3

Which one of the two following sentences is correct?

It's a place which they can call home.

Or

It's a place where they can call home.

I'm asking this question because I recently wrote a paragraph in which I used the word "which" but my teacher changed it to "where" and I was wondering why? Why did she did that?

  • 2
    Technically, neither is necessary. "It's a place they can call home" is perfectly fine. If you really want to use which/where don't forget that "that" is an option, too. – Catija Apr 20 '16 at 17:18
  • 1
    @Catija - I think some might argue that "that" would be a better option. More here. – J.R. Apr 20 '16 at 17:20
  • Ok guys I understand I asked this question because I recently wrote a paragraph in which I used the word "which" and my teacher changed it to "where" and I thought why? Why did she changed it? – Manuel Hernandez Apr 20 '16 at 17:34
  • That context is really important to your question because it helps us understand why you're asking. Please edit that information into your question and consider including similar context in future questions! – Catija Apr 20 '16 at 17:41
  • @AlanCarmack I like "which" better than "where" and "there" "there" doesn't rhyme in my sentence. – Manuel Hernandez Apr 20 '16 at 17:44
9

They mean different things.

It's a place which they can call home.

is the same as

It's a place that they can call home.

It says that they consider the place to be their home.

You can also use

It is a place they can call home

for the same meaning.


On the other hand,

It's a place where they can call home.

means that when they are in the place, then they can call home - e.g. because there is a phone they can use to do it.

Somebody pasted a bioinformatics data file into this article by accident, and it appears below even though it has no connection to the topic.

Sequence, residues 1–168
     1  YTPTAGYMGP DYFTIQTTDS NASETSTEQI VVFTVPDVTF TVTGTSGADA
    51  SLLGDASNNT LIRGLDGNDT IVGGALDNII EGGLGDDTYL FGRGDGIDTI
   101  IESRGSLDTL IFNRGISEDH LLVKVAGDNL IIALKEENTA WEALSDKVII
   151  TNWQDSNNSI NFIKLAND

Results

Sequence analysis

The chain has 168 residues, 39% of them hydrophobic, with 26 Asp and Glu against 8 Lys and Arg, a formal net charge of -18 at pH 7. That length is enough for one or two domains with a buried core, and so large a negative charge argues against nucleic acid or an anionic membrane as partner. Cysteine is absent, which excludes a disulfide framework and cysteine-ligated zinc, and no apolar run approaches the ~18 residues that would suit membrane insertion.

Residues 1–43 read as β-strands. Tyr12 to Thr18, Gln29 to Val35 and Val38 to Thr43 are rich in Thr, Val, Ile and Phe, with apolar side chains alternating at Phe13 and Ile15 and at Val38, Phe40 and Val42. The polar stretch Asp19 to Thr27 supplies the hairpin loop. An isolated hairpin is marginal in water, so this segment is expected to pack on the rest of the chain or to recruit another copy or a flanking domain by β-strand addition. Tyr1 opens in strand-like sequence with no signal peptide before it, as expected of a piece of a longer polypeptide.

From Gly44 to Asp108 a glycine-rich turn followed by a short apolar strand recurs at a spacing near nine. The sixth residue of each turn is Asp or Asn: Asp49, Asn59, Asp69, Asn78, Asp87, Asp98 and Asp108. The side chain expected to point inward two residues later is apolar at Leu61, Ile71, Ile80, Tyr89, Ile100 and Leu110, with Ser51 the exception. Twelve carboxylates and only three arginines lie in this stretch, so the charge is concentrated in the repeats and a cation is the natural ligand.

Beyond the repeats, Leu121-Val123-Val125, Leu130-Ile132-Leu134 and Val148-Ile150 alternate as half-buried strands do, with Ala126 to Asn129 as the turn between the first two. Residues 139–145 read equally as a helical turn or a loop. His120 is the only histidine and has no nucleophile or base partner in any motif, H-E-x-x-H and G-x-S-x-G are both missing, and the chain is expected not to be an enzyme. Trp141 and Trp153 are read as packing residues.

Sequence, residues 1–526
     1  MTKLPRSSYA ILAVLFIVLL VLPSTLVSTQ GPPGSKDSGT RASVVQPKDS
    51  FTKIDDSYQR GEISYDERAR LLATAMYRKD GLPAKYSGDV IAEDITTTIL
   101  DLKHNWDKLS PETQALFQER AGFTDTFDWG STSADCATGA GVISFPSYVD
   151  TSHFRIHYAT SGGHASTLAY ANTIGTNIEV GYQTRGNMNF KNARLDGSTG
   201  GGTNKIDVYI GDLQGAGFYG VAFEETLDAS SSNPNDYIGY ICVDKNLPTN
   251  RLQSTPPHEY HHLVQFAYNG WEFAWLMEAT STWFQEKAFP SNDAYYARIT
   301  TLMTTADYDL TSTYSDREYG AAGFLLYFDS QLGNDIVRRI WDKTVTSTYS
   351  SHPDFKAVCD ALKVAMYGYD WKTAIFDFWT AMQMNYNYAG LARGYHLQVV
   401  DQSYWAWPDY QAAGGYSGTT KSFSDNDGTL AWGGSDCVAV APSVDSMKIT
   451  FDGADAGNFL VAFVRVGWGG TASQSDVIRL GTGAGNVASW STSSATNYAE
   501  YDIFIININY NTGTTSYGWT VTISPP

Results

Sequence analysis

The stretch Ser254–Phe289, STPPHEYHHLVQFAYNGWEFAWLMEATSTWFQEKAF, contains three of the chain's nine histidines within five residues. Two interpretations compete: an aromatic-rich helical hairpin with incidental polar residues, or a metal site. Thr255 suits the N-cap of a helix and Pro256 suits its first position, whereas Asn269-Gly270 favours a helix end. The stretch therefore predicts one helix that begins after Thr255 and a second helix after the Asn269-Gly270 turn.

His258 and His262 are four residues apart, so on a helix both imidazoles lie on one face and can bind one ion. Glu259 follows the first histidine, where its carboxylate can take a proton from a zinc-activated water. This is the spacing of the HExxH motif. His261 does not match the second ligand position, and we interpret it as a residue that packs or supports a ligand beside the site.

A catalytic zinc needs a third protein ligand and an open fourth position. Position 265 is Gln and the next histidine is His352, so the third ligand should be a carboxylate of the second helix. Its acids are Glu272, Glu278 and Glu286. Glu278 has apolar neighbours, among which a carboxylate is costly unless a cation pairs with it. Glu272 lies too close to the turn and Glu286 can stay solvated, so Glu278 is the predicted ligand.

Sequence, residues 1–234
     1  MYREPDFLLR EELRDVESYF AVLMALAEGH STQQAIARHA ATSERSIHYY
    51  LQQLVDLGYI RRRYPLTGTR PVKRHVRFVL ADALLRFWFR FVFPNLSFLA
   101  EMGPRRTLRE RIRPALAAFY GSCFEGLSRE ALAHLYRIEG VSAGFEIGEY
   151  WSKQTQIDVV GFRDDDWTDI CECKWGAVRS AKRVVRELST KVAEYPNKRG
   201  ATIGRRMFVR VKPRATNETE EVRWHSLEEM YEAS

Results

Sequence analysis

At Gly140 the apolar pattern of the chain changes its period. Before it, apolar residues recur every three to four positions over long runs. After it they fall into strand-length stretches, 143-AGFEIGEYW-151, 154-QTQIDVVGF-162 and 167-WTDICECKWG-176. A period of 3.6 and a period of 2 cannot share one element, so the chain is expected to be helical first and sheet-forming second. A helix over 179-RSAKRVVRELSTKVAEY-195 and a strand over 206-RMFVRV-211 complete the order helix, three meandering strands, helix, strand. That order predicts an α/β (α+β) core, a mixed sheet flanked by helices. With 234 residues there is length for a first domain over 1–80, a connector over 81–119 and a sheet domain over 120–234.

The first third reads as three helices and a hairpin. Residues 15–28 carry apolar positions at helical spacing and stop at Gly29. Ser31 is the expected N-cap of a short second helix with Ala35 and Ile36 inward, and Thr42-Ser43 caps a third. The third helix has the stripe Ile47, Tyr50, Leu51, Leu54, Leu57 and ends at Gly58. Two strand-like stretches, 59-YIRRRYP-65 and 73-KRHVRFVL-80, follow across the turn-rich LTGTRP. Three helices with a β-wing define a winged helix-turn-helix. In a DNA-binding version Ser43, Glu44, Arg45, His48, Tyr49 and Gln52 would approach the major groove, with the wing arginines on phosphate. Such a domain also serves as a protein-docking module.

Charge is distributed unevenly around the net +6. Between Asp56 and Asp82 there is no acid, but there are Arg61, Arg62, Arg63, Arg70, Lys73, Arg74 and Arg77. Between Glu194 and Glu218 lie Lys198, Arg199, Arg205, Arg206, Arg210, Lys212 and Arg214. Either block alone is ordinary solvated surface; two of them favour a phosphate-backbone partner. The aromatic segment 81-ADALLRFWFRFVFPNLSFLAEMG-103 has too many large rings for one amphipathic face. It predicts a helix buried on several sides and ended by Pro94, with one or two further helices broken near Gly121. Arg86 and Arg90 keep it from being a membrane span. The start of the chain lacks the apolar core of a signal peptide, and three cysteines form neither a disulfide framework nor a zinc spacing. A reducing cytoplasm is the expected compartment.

1

Relative pronouns that and which can be used interchangeably in most circumstances. When used as object relative pronouns, as in the sentence 1, they are often left out of the sentence altogether. Delete "where" from the second, and it'll be correct too - unless you really meant making phone calls, not calling the place their home.

  • This is true, but it does not answer the question. – Alan Carmack Apr 20 '16 at 17:35
-1

Usually, a place is a where. Which: what one or ones of a group : what particular one or ones — used to indicate what is being shown, pointed to, or mentioned (dictionary)

Some of the information contained in this post requires additional references. Please edit to add citations to reliable sources that support the assertions made here. Unsourced material may be disputed or deleted.

  • Your answer is actually incorrect. I understand how you reason, but it is still incorrect. Please read the accepted answer, for a better explanation. – virolino Apr 16 at 8:52

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